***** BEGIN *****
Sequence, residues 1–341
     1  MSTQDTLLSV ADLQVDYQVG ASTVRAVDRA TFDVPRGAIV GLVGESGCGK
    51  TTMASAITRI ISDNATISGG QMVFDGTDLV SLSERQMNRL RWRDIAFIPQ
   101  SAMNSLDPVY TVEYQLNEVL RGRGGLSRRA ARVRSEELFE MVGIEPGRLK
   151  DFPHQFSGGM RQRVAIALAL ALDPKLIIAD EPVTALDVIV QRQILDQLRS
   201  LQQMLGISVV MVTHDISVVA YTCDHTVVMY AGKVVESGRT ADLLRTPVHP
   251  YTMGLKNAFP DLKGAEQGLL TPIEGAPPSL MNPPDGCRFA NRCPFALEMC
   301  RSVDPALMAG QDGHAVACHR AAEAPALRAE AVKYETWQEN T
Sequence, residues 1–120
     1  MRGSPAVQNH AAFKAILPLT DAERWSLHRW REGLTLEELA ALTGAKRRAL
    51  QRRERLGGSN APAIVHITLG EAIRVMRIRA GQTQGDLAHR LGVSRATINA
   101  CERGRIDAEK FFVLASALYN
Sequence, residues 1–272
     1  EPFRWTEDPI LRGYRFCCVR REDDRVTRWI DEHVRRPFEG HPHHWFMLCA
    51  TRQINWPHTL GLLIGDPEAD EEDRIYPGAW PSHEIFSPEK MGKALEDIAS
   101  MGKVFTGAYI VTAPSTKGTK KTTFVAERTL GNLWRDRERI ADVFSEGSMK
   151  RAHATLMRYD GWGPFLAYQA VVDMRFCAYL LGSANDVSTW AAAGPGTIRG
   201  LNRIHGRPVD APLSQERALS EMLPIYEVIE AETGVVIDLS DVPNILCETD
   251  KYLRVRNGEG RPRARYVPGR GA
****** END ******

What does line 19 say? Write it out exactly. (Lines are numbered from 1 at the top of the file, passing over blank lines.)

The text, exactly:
   251  KYLRVRNGEG RPRARYVPGR GA